The Missing Spy

Kli Yakar Genesis: Miketz

The Missing Spy

At first glance, Joseph’s accusation of his brothers of being spies when they show up in Egypt seems ludicrous. Furthermore, the brothers give true and cogent answers that Joseph apparently ignores. It would seem to be a case of heavy-handy tyrannical rule with no sense of justice or defensible rationale.

The Kli Yakar (Genesis 42:9) however interprets each verse and gives us a back and forth of a real trial which Joseph won based on logical accusations and counter-arguments to the brother’s explanations (it also didn’t hurt him to have power on his side).

Joseph accuses the brothers of two different espionage crimes: information gathering, by mixing with merchants and the local population; and reconnoitering, by entering the city from ten different entrances and surveying the city for weak points. They did not deny either act, but gave a different rationale (searching for their missing brother).

I won’t go into all the back and forth, but the linchpin of the argument is that there is a youngest brother still at home (Benjamin). Joseph argues that Benjamin must have also been a spy and went back to report on the interim findings. Therefore the only way to prove the veracity of the brother’s argument would be for Joseph to cross-examine Benjamin personally and find witnesses if he had been in the city previously (presumably spying) or not. The brothers had no way to prove Benjamin had not been there, so therefore they had little choice but to submit to this judgment and eventually bring Benjamin down to Egypt to end the trial and clear their names.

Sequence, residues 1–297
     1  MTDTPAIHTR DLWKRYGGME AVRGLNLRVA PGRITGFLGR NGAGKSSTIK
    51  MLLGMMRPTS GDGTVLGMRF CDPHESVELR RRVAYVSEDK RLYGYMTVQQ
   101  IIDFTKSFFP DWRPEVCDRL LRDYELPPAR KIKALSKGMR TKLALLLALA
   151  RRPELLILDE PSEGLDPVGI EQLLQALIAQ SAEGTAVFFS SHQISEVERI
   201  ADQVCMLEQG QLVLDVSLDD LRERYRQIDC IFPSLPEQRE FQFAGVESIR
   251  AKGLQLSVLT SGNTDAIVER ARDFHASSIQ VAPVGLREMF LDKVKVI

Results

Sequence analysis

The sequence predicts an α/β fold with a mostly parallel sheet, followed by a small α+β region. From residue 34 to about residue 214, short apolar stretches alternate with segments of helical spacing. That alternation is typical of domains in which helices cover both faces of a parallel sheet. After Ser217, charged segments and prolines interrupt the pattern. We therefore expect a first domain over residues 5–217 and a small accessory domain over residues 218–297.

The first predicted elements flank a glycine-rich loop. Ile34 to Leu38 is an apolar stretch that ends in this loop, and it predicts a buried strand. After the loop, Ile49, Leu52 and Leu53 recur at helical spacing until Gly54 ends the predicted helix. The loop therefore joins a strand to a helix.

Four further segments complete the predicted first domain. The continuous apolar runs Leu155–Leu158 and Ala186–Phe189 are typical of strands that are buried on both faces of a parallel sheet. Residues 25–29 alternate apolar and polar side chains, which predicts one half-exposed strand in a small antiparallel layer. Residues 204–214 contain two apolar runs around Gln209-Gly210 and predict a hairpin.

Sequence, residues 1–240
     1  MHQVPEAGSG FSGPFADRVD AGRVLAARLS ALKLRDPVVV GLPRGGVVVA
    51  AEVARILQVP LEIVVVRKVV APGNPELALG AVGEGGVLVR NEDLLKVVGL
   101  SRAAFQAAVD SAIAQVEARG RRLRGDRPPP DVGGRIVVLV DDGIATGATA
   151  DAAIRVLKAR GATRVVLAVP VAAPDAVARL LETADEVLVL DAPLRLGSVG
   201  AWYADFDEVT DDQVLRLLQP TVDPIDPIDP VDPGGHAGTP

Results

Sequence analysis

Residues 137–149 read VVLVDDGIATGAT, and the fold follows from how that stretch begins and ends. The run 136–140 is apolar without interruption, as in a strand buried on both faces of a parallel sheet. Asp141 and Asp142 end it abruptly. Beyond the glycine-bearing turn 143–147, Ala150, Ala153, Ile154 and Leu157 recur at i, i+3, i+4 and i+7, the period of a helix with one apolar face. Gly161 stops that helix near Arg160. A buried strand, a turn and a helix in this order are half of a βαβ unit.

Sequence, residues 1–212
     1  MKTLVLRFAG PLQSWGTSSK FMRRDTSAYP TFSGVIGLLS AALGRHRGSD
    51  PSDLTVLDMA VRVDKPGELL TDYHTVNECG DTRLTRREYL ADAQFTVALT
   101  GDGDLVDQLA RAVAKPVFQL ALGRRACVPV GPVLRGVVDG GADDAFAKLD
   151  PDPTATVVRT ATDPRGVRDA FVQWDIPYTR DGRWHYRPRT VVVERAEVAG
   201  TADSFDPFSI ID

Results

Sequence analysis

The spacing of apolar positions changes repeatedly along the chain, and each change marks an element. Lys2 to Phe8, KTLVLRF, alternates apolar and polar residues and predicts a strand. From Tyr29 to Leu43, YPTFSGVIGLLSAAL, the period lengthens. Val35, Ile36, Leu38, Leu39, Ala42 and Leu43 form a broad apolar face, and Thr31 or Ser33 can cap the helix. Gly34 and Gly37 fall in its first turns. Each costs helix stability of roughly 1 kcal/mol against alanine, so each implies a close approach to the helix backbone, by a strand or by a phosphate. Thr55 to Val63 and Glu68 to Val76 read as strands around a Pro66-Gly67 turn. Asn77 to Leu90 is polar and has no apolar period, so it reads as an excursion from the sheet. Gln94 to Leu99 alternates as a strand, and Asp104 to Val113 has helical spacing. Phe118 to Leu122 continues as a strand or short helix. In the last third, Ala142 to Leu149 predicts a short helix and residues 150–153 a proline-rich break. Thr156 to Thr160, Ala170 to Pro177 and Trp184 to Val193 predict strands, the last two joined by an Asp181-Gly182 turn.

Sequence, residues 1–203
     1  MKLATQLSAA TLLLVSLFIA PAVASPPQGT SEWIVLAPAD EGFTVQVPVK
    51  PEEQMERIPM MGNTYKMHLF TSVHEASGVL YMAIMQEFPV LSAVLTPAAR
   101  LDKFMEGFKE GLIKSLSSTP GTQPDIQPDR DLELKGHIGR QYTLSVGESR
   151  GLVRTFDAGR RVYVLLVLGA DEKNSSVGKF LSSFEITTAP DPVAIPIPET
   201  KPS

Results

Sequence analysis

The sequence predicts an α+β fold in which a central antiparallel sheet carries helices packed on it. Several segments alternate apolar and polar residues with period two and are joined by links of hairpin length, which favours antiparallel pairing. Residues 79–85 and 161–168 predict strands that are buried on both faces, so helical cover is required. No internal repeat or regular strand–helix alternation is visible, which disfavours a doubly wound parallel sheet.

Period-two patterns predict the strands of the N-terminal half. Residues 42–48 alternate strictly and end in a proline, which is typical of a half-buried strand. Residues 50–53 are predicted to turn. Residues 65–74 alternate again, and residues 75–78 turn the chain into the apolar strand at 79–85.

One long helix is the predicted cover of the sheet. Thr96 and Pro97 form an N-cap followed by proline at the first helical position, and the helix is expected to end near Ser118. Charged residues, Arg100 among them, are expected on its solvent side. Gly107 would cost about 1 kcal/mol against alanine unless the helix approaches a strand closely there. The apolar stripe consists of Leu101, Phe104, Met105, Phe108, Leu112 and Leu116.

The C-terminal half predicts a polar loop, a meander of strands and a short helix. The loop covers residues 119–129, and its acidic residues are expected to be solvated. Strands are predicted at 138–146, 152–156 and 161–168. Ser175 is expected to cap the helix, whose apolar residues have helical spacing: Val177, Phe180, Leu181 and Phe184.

Joseph’s stratagem is successful. The accused missing spy is brought to him and Joseph continues the subterfuge leading to the eventual reconciliation of the children of Jacob.

May all intrigue in our lives have a happy ending.

Shabbat Shalom and Chanukah Sameach,



To the real spies out there defending the State of Israel. Though unlauded, we still appreciate the tremendous service.

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